Who doesn’t know this much-dreaded word that we have been dealing with from the time we were in school doing school projects or assignments up until the time we became part of the working forces with the project or task that your boss assigned to you or perhaps that huge electric bill that you received a week ago. Ugh, deadline.

Despite the rather familiar word that we use on our day-to-day basis in this modern culture, it is surprising to know that the word could be traced back to the old horrible times of the American Civil War, in that morbid situation of the Andersonville Prison. Think you hate being reminded of your deadlines now? Wait until you hear about its origin.


The earliest recorded use of the word could be traced back to the 1800s when the Oxford English Dictionary discovered the use of “deadline,” which refers to a fishing line with a weight at the end to prevent it from moving. In the 1900s, the word also saw use in the printing industry, referring to the name of a boundary line on a printing press, indicating that the text will not print beyond that line.

Andersonville Prison’s Deadline

Those two meanings are definitely okay, but what was believed to have truly shaped the meaning of “deadline” in the sense that we know today was the Andersonville Prison of the American Civil War.

In 1864, the Confederate prisoner of war camp was created to hold Union soldiers they managed to capture. The camp was commanded by Captain Henry Wirz. Given that it was a prison camp, the conditions were very poor: about 13,000 out of the total 45,000 prisoners died over the course of their stay there. There was not enough food and water not just for the prisoners but also for the guards. Many of them fell victims to typhoid fever, scurvy, and dysentery.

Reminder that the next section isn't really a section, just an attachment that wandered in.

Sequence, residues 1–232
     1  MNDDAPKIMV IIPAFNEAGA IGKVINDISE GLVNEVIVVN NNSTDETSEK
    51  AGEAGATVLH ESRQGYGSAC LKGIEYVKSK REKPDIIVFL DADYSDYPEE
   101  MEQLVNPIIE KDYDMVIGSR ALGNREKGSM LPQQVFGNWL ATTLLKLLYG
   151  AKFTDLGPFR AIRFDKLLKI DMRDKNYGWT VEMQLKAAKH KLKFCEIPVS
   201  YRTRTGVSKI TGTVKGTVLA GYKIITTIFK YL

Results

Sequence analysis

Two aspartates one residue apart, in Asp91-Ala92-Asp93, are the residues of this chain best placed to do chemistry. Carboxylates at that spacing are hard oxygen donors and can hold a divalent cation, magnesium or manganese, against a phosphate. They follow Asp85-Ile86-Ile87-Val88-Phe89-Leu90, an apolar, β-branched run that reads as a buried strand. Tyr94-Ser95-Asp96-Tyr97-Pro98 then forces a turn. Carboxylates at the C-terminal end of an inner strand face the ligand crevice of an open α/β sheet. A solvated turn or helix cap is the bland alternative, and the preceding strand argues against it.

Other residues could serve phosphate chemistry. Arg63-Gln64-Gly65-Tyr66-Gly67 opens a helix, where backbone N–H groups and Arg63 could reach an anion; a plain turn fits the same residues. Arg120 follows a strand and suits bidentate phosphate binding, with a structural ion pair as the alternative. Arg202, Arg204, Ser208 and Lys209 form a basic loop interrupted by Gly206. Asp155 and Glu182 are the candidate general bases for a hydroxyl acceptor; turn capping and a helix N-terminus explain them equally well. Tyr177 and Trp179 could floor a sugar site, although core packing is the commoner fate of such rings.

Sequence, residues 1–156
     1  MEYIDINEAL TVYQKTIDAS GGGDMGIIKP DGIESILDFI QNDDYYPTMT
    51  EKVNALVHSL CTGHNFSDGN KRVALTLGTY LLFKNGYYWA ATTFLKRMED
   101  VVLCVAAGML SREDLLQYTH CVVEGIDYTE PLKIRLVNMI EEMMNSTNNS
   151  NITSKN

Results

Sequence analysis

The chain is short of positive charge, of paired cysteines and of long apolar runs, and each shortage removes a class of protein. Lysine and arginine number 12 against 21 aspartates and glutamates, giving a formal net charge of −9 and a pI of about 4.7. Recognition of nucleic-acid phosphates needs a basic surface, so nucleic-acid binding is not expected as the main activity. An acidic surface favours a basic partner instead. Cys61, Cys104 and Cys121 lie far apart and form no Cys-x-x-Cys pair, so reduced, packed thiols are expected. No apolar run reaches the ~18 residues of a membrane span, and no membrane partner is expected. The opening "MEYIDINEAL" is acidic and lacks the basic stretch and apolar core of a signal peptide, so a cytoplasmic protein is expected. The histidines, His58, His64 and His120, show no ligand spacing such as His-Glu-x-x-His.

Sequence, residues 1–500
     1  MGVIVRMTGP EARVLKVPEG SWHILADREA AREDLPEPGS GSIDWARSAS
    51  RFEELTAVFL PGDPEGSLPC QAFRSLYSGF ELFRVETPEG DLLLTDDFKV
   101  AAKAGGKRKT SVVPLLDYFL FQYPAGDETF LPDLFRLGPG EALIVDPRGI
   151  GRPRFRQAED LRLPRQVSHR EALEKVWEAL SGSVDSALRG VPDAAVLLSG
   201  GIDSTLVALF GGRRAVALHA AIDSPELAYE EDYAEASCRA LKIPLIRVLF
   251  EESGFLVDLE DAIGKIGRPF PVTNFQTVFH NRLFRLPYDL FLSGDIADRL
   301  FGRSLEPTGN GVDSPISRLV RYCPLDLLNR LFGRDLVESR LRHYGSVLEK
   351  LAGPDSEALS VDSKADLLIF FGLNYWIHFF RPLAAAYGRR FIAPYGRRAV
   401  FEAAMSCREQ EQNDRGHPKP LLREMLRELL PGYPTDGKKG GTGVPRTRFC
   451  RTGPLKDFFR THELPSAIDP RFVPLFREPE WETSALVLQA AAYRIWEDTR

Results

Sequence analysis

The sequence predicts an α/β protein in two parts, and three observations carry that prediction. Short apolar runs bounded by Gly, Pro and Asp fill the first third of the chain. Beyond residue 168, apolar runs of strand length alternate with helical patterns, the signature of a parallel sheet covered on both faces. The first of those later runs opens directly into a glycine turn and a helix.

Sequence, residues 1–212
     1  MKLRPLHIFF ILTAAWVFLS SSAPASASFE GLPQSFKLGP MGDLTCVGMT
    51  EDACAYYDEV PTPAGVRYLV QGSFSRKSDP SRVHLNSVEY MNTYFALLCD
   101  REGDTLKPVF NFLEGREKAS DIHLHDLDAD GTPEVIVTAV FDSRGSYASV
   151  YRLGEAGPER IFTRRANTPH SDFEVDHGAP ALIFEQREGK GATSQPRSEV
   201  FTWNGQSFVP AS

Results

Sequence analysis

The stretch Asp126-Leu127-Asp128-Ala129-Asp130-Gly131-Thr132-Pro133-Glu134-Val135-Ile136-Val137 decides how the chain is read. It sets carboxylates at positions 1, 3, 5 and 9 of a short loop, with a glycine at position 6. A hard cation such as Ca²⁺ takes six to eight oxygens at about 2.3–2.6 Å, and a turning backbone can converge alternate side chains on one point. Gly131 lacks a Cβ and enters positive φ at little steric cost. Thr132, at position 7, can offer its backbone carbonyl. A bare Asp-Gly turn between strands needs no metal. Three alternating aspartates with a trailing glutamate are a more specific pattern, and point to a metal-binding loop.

Andersonville Prison. (John L. Ransom, Public domain, via Wikimedia Commons)

There were no decent materials to properly construct the prison, its living facilities, and cells, too, so it was no surprise that the fence was made out of a simple wooden stake fence about 10-20 feet high to keep the prisoners inside. The question was, how could they make sure that the POWs would not escape and just climb over their rickety fence, something that a perfectly healthy individual could do? Especially, these men, with a common goal of fleeing, could help each other out.

The solution was to place the prison guards in watch positions, and they were instructed to shoot anyone who would attempt to climb the walls. This was effective, although there were still instances when some Union soldiers would manage to climb and escape before someone noticed.

To solve this, Wirz came up with the concept of “deadline.” It was a literal line of wooden planks or fences positioned about 20 feet from the walls. Anyone who would dare cross the deadline, even by a hair, would automatically be a deadman. That was without warning or explanation. The guards were positioned some 90 feet apart along the wall, with a perfect angle to fire at anyone who would cross the deadline.

What if the prisoners all joined forces to revolt? Wiz had that scenario in his head before, too, so they made sure that the guards could still retreat from the watch positions to a line of artillery emplacements around the camp. These artillery emplacements were really designed for outside defenses, but they could be turned inwards as needed.

After-War Legacy

It was in May 1865 that the prisoners of Andersonville were finally freed. Upon the discovery of the horrible conditions in the camp, it was the commander, Wirz, who was mostly blamed. He was tried, charged with war crimes, and then hanged.

Execution of Henry Wirz. (Alexander Gardner, Public domain, via Wikimedia Commons)

That was not the end of the Andersonville saga as the word “deadline” would start to be loosely used in the 1920s, first in the US media industry, to refer to the time when writers should complete their covered stories for publication. Up to now, the term still has negative associations, especially when the deadline slowly approaches. Even so, for sure, it isn’t as bad as it was for the prisoners of Andersonville.